There is a Buddhist table prayer that goes like this:
We are grateful for the sun and the rain and the earth
and someone else’s hard work.
There’s often a lot of “fill” on the CNN website, but once in a while they serve up a really tasty media sandwich of excellent photographs between slices of good whole grain reportage.
One of those caught my eye this morning, and I recommend it to you if you haven’t already read it. It’s all about something that I give little thought to day by day, but which makes life as I know it possible – the food chain.
And the article goes on to relate how we are finding out just how elastic that chain might be and whether it will even hold. The reason, of course, is our friend the pandemic. A farmer plants what he think he can sell at harvest time. If he sells to restaurants … what will that market look like when those lovely plants are ready to sell? The crystal ball hasn’t been made that encompasses the coronavirus’ interruptions and dismantlings.
From The New Yorker
On Friday Robin and I broke the Covid laws and traveled, non-essentially, more than 10 miles from home. That morning we had snapped, and were each maniacally laughing at nothing during breakfast, unable to stop ourselves. At one point we paused, breathless, looked across the table and said: “We’ve got to get out of here!”
And so we did.
We drove in our Covid-resistant automobile to Twin Lakes, Colorado, a round trip of about 300 miles. We ate bagel sandwiches on the sidewalk in front of a small deli in Gunnison CO. We walked short distances on two hikes and marked them for future and more thorough exploration. We examined two beautiful rushing mountain rivers.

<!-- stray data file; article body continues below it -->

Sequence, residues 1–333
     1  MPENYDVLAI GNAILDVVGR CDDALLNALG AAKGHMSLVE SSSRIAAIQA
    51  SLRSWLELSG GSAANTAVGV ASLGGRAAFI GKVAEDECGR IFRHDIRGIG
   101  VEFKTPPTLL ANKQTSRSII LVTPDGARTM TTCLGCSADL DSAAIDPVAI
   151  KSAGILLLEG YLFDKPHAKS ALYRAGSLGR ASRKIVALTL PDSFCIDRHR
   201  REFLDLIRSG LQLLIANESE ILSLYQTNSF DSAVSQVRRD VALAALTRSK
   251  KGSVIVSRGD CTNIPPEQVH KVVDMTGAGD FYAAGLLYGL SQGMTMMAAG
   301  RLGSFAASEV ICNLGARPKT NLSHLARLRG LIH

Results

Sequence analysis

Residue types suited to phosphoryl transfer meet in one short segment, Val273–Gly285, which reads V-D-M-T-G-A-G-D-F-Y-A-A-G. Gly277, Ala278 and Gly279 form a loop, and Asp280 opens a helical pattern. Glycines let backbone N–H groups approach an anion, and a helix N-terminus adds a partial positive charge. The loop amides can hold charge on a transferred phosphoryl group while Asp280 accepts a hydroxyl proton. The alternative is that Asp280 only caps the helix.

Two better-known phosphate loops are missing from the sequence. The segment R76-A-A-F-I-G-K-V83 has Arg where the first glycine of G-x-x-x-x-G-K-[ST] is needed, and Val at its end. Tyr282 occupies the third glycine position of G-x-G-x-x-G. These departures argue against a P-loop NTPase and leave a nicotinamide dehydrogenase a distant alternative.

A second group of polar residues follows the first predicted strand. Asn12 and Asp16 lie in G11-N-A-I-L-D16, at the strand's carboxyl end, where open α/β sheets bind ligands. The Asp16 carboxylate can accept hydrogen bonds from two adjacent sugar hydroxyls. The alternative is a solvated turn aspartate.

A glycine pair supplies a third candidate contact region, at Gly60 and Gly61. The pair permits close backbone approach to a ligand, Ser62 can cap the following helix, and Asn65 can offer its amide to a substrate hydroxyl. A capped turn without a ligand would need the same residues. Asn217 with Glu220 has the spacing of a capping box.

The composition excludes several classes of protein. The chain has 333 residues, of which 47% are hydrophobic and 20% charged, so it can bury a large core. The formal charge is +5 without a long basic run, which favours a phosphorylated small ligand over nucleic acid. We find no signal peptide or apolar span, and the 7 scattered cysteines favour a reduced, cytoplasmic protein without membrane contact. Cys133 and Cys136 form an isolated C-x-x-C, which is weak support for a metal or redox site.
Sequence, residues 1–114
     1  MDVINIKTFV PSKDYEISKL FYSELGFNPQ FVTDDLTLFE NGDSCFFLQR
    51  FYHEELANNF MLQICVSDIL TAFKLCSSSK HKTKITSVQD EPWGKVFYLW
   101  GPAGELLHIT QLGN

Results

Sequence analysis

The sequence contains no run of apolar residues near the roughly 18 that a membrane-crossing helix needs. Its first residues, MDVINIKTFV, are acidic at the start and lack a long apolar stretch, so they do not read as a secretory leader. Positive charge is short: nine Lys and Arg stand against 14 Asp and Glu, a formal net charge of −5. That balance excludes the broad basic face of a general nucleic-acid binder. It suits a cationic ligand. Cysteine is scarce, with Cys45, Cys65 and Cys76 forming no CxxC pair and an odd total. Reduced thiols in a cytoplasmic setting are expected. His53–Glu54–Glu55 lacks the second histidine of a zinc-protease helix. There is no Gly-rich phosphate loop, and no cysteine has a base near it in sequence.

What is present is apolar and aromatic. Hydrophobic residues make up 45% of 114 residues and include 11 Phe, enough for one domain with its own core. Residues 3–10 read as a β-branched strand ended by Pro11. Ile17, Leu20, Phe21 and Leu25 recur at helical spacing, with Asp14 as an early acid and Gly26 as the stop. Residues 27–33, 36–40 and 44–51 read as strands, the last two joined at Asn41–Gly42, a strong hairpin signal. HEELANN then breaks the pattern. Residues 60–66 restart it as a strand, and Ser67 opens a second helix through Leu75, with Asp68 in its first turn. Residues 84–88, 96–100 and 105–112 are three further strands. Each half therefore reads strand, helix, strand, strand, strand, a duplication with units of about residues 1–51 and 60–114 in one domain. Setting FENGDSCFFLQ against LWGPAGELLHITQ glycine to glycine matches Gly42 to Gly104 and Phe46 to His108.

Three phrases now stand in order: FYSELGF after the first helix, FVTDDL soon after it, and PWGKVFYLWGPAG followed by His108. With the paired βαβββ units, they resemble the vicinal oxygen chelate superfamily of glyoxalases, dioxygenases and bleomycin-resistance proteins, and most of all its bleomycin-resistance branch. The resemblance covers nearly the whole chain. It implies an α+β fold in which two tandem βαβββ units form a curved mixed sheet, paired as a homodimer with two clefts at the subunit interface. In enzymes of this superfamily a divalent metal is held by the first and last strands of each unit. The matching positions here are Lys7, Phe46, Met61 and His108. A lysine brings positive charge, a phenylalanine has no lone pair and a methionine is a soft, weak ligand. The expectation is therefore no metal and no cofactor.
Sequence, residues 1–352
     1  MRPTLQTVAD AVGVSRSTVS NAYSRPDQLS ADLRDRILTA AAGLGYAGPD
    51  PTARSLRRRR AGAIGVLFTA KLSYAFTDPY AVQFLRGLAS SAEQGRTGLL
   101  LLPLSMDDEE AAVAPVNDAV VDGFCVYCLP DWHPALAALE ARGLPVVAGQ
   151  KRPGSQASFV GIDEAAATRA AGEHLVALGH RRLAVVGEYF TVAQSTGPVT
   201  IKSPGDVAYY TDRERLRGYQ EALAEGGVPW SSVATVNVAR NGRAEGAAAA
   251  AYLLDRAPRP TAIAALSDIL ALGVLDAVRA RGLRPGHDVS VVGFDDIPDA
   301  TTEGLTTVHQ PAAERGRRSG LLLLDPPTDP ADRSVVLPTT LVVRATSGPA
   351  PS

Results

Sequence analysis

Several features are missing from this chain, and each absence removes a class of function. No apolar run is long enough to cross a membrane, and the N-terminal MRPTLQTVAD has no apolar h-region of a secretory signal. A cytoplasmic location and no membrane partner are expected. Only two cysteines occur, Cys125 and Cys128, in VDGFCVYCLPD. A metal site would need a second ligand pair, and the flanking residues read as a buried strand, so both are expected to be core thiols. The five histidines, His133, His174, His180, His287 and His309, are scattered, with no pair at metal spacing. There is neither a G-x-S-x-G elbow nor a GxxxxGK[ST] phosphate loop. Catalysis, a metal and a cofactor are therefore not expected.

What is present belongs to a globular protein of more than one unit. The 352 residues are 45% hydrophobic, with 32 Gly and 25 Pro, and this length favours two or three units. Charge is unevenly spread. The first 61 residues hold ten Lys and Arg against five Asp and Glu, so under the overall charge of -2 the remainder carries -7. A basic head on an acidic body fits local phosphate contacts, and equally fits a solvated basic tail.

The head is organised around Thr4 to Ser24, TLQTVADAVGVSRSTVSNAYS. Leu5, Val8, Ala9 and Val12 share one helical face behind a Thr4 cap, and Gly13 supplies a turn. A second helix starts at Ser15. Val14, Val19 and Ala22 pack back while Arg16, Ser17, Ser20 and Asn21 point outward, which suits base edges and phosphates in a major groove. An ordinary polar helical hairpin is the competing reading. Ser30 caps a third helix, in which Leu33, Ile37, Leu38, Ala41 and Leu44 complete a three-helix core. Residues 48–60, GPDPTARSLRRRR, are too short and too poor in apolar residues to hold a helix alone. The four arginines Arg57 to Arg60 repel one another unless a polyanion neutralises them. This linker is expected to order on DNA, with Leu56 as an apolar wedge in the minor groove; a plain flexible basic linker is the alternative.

On the first of those mini-hikes I had a not-so-golden-moment. Foolishly I was wearing my plastic Birkenstocks, thinking … not thinking, really. I was walking on a slippery dirt hummock between two very large mud puddles on that old mining road when the Birkies lost contact with the earth. In less time than it took to type this I was lying on my back in three inches of water in one of those puddles.
I’m not sure what the water temperature was, but somewhere close to 40 degrees, I’m guessing.
At any rate, I was now well and truly soaked from shoulder to bum with a brownish water that added nothing to my appearance and turned my blue and white plaid flannel shirt sort of a rusty color.
I schlepped back to the car where I stripped to the waist and put on a fleece jacket that I had fortunately brought along on the drive. There was no replacement for the wet hiking shorts so they had to dry while being worn.
Robin could only watch and say things to herself about hiking with senior citizens and the vagaries thereof.
From The New Yorker
There are moments when I wished that I liked okra. The CNN story with which I opened this blog entry talked about the problems of an okra farmer. As I read it I thought of his product and shuddered.